Gareth Henry Speaks on Atrocities in Jamaica

Despite the fact that countries like the United States have legalized gay marriage, member of the LGBT community is still fighting for basic human rights and their lives in Jamaica. In 2007, badminton player and activist Gareth Henry was brutally beaten in front of 200 people by law enforcement officers. This incident that took place at a pharmacy in Kingston made international headlines and had people around the world asking how this could happen.

In 2008, Gareth Henry fled Jamaica to seen refuge in Canada after he continued to receive death threats. Thankfully, the J-Flag leader was granted asylum and able to keep himself safe. His experiences as a gay man in Jamaica have led him to take his fight for the rights of his community to the Inter-American Commission on Human Rights.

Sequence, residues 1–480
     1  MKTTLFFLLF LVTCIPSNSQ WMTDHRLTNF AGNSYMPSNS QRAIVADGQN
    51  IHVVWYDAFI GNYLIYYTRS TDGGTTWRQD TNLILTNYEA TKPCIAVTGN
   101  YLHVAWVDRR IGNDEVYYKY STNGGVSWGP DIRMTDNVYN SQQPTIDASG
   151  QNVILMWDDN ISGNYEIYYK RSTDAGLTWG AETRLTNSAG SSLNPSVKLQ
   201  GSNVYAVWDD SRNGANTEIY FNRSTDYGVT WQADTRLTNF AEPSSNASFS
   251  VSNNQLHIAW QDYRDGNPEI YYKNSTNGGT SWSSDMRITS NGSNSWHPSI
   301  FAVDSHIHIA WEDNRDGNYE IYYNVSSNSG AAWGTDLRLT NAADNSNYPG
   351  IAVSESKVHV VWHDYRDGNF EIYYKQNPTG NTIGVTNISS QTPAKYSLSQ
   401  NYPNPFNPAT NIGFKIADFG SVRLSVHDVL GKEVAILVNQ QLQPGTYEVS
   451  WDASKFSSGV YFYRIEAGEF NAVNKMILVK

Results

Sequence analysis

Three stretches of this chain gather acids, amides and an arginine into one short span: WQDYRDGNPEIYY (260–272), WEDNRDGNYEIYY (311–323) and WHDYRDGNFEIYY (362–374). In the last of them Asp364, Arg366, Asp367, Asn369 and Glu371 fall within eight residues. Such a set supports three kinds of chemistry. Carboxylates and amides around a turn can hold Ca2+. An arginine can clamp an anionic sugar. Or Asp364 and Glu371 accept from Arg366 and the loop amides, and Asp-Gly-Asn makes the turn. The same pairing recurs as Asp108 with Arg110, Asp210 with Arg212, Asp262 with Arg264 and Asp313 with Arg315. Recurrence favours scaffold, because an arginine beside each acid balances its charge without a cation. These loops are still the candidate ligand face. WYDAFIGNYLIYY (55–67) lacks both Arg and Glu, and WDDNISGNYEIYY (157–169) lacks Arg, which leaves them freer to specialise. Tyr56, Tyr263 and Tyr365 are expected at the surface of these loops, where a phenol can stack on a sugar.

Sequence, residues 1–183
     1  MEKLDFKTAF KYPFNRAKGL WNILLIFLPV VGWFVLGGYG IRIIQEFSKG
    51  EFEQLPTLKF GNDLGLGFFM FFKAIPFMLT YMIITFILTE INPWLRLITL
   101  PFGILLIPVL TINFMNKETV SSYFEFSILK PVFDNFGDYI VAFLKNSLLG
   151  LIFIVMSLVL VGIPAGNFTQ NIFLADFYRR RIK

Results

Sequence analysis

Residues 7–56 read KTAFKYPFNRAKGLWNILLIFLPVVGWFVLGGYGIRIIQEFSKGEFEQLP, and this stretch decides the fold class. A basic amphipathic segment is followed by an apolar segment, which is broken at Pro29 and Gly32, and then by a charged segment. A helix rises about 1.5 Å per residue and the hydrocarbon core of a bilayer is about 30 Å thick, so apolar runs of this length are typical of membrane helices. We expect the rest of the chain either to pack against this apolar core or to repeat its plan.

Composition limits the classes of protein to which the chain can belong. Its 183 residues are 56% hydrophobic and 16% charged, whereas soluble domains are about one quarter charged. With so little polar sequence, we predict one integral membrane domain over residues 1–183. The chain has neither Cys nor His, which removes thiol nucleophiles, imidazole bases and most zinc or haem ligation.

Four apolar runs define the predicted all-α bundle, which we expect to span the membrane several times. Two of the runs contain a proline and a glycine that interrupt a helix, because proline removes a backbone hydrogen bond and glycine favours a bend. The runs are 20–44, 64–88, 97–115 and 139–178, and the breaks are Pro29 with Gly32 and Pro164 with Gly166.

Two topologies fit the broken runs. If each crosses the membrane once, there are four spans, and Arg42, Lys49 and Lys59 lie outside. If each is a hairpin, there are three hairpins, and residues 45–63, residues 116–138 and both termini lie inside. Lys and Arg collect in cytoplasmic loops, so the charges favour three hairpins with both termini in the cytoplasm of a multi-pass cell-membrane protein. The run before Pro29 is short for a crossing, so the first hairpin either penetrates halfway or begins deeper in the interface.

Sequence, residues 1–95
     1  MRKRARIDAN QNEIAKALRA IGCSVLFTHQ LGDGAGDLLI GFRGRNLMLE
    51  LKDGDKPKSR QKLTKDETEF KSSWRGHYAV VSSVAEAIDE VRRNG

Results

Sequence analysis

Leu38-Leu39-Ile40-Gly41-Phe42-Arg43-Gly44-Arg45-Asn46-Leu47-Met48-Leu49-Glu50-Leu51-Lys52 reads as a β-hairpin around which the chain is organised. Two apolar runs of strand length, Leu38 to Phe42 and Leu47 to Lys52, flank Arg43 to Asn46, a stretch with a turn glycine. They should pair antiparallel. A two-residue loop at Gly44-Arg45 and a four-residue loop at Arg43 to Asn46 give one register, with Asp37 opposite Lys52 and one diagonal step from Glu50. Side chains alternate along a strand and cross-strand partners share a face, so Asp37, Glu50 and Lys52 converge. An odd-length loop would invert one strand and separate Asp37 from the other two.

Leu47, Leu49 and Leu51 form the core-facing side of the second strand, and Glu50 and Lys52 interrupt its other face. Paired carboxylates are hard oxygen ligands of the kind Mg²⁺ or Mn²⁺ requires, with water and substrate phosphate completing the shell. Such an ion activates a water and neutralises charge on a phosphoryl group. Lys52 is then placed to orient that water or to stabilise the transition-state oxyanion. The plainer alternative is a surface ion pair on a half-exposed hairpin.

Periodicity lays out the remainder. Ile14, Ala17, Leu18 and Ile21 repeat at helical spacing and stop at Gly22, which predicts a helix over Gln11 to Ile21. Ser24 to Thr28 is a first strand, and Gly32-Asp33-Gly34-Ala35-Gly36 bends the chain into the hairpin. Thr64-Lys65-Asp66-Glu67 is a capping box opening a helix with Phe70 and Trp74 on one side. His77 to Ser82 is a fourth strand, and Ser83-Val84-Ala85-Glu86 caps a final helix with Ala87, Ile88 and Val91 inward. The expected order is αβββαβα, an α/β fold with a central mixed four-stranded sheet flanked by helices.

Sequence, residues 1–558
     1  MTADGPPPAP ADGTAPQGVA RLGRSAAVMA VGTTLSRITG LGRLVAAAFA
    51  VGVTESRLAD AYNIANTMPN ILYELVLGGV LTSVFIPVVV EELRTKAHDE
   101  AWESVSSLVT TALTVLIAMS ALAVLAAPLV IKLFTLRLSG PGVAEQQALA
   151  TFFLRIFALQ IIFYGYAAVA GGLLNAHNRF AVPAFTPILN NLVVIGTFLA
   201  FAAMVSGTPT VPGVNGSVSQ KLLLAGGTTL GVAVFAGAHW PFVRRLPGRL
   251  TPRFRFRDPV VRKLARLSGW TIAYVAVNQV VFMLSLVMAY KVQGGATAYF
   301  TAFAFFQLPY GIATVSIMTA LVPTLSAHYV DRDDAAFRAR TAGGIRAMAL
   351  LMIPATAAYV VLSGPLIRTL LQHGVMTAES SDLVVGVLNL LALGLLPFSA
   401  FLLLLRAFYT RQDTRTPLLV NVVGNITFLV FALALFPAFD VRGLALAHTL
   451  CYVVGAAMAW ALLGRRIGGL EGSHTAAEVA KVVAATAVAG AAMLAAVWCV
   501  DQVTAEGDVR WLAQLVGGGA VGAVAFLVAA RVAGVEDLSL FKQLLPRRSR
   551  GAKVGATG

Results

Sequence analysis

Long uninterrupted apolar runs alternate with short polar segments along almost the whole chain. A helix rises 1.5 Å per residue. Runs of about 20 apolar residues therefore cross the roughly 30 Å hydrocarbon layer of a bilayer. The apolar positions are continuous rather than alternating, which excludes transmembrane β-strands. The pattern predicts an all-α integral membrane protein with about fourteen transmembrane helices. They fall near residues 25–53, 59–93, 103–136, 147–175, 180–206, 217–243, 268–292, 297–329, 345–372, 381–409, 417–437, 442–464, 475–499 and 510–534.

13 of Gareth Henry’s friends were murdered while he was with the J-Flag organization for only 4 years. During this time, Gareth Henry was the one to identify the bodies of many of his fallen friends. In fact, he took on his position in the organization after his predecessor was murdered for his sexuality.

The incident at the pharmacy was not the only time that Gareth Henry had been physically attacked by the police. It happened 2 other times besides the attack that made international headlines. The police became abusive towards Gareth Henry as soon as they arrived despite being called to protect them. He stated that the officers used their guns to beat him.

To serve his community, he used to provide homeless gay men with a place to stay in his own home. He would frequently see officers threatening to kill him outside of his window. With everything that had happened to himself and his friends, he found himself wondering if he would survive the next time it happened.

Thankfully, Henry was able to escape from the country before being killed. The same cannot be said for the men who do not have the same opportunities and support system for Henry. He believes that the government of Jamaica should be accountable for the actions of the police.